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This should be very simple. I have a function f(x), and I want to evaluate f'(x) for a given x in MATLAB.

All my searches have come up with symbolic math, which is not what I need, I need numerical differentiation.

E.g. if I define: fx = inline('x.^2')

I want to find say f'(3), which would be 6, I don't want to find 2x

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up vote 7 down vote accepted

To get a numerical difference (symmetric difference), you calculate (f(x+dx)-f(x-dx))/(2*dx)

fx = @(x)x.^2;
fPrimeAt3 = (fx(3.1)-fx(2.9))/0.2;

Alternatively, you can create a vector of function values and apply DIFF, i.e.

xValues = 2:0.1:4;
fValues = fx(xValues);
df = diff(fValues)./0.1; 

Note that diff takes the forward difference, and that it assumes that dx equals to 1.

However, in your case, you may be better off to define fx as a polynomial, and evaluating the derivative of the function, rather than the function values.

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+1 for a neat answer :) – posdef Jan 11 '11 at 14:43
Am I right in thinking that the smaller I choose dx to be, the more accurate my answer will be. If so is there a MATLAB constant for a VERY small real number? Something like pi for 3.14... or i for sqrt(-1)? – lms Jan 11 '11 at 16:15
@codenoob: eps gives you a very small number. However, for most practical purposes 0.0001 should suffice. Also, if you're working with polynomials and use polyder, you don't have to worry about the size of dx. – Jonas Jan 11 '11 at 16:29

If your function is known to be twice differentiable, use

f'(x) = (f(x + h) - f(x - h)) / 2h

which is second order accurate in h. If it is only once differentiable, use

f'(x) = (f(x + h) - f(x)) / h     (*)

which is first order in h.

This is theory. In practice, things are quite tricky. I'll take the second formula (first order) as the analysis is simpler. Do the second order one as an exercise.

The very first observation is that you must make sure that (x + h) - x = h, otherwise you get huge errors. Indeed, f(x + h) and f(x) are close to each other (say 2.0456 and 2.0467), and when you substract them, you lose a lot of significant figures (here it is 0.0011, which has 3 significant figures less than x). So any error on h is likely to have a huge impact on the result.

So, first step, fix a candidate h (I'll show you in a minute how to chose it), and take as h for your computation the quantity h' = (x + h) - x. If you are using a language like C, you must take care to define h or x as volatile for that computation not to be optimized away.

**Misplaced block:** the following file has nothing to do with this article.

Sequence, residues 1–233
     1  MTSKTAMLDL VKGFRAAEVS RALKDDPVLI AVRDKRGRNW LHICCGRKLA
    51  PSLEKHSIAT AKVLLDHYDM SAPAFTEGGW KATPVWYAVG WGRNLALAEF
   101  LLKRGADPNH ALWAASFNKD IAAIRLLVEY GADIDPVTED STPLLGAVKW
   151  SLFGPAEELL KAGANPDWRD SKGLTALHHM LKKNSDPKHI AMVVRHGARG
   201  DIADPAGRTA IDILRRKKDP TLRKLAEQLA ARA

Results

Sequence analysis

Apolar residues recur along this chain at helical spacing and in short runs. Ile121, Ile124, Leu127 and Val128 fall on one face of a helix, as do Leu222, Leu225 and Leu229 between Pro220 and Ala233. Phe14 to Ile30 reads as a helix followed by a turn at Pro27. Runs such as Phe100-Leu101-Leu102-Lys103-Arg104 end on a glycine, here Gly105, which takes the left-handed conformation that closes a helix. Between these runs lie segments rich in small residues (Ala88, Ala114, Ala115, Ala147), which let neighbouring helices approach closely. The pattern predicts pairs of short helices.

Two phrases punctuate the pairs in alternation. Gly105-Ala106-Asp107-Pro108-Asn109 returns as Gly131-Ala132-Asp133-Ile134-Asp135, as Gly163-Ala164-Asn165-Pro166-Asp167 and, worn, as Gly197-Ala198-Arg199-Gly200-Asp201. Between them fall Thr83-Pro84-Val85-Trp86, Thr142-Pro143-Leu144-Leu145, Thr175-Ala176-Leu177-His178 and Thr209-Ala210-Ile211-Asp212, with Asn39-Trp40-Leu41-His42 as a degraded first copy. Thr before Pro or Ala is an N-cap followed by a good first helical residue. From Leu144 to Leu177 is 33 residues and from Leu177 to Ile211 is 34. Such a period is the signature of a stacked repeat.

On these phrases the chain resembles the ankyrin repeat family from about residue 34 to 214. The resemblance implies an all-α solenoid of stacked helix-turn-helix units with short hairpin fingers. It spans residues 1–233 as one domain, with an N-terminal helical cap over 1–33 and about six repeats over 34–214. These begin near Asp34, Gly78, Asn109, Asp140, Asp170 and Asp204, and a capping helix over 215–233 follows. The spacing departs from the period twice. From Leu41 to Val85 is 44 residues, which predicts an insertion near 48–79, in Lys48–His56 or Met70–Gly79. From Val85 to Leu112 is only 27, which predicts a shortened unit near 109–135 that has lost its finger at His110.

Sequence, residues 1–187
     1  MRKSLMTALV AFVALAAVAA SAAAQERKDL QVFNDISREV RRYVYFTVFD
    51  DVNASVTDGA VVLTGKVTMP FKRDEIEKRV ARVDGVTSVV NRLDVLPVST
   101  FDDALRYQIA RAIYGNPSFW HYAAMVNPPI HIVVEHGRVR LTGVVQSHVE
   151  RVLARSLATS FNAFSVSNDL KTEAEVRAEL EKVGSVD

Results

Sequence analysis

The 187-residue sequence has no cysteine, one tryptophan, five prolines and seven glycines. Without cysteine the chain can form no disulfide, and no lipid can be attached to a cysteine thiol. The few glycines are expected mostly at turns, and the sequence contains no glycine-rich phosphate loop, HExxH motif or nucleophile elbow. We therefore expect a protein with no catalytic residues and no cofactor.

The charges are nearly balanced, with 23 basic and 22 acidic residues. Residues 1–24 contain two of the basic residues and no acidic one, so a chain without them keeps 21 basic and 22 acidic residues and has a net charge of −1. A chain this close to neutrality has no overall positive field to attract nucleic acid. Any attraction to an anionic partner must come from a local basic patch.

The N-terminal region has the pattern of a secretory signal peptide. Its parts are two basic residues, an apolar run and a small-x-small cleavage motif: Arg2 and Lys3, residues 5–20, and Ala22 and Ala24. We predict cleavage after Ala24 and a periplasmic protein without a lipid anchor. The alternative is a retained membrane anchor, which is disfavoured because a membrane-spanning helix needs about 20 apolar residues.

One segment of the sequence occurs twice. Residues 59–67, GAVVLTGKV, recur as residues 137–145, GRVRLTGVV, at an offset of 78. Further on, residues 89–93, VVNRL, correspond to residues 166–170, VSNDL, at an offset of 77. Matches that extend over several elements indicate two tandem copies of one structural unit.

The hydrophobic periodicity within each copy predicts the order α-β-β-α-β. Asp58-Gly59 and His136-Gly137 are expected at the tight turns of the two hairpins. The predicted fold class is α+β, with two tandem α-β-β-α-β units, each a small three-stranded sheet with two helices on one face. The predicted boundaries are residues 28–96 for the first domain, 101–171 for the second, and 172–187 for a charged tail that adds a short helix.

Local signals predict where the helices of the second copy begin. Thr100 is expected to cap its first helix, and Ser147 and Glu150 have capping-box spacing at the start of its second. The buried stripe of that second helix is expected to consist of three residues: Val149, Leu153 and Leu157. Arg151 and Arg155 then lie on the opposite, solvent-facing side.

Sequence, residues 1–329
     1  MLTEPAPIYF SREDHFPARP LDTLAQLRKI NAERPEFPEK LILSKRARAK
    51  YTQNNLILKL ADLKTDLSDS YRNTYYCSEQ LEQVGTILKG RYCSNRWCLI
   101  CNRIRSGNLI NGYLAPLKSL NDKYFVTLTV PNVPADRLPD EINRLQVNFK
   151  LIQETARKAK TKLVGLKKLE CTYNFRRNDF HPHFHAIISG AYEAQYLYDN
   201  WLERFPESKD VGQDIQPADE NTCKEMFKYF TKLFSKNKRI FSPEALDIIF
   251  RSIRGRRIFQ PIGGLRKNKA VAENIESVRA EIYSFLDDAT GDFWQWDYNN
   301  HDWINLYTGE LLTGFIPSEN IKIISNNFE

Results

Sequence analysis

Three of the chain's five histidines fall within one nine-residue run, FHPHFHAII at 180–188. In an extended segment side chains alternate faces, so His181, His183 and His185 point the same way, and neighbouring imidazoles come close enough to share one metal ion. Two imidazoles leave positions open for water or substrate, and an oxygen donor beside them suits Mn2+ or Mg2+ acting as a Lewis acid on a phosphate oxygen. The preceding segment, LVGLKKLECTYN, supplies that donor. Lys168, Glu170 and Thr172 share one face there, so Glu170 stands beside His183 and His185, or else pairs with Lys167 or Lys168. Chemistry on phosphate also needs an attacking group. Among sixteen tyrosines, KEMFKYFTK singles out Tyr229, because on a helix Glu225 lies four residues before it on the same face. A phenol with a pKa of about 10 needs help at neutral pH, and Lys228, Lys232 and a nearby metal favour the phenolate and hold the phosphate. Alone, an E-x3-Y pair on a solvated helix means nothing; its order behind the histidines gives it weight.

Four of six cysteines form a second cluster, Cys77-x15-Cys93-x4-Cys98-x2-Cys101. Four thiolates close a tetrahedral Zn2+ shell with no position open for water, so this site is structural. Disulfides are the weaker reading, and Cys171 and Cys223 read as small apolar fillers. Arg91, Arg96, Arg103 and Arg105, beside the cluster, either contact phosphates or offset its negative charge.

Next, the choice of h. The error in (*) has two parts: the truncation error and the roundoff error. The truncation error is because the formula is not exact:

(f(x + h) - f(x)) / h = f'(x) + e1(h)

where e1(h) = h / 2 * sup_{x in [0,h]} |f''(x)|.

The roundoff error comes from the fact that f(x + h) and f(x) are close to each other. It can be estimated roughly as

e2(h) ~ epsilon_f |f(x) / h|

where epsilon_f is the relative precision in the computation of f(x) (or f(x + h), which is close). This has to be assessed from your problem. For simple functions, epsilon_f can be taken as the machine epsilon. For more complicated ones, it can be worse than that by orders of magnitude.

So you want h which minimizes e1(h) + e2(h). Plugging everything together and optimizing in h yields

h ~ sqrt(2 * epsilon_f * f / f'')

which has to be estimated from your function. You can take rough estimates. When in doubt, take h ~ sqrt(epsilon) where epsilon = machine accuracy. For the optimal choice of h, the relative accuracy to which the derivative is known is sqrt(epsilon_f), ie. half the significant figures are correct.

In short: too small a h => roundoff error, too large a h => truncation error.

For the second order formula, same computation yields

h ~ (6 * epsilon_f / f''')^(1/3)

and a fractional accuracy of (epsilon_f)^(2/3) for the derivative (which is typically one or two significant figures better than the first order formula, assuming double precision).

If this is too imprecise, feel free to ask for more methods, there are a lot of tricks to get better accuracy. Richardson extrapolation is a good start for smooth functions. But those methods typically compute f quite a few times, this may or not be what you want if your function is complex.

If you are going to use numerical derivatives a lot of times at different points, it becomes interesting to construct a Chebyshev approximation.

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Very interesting and detailed answer, thank you! May I ask what your background is? – lms Jan 14 '11 at 20:39
@codenoob: math, mostly. – Alexandre C. Jan 14 '11 at 21:49

Lacking the symbolic toolbox, nothing stops you from using Derivest, a tool for automatic adaptive numerical differentiation.

ans =

For your example it does very nicely. In fact, it even provides an estimate of the error in the resulting approximation.

fx = inline('x.^2');
[fp,errest] = derivest(fx,3)

fp =
errest =
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This is interesting, thx. I have implemented it using the symmetric difference method though. – lms Jan 12 '11 at 9:45

did you try diff (calculates differences and approximates a derivative), gradient, or polyder (calculates the derivative of a polynomial) functions?

You can read more on these functions by using help <commandname> on MATLAB console, or use the function browser in the Help menu.

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+1 for being a little faster :) – Jonas Jan 11 '11 at 14:44

For a given function in analytical form, you can evaluate the derivative at a desired point with the following code:

syms x
df = diff(x^2);
df3 = subs(df, 'x', 3);
fprintf('f''(3)=%f\n', df3);

For pure numerical derivatives use the already given solutions by Jonas and posdef.

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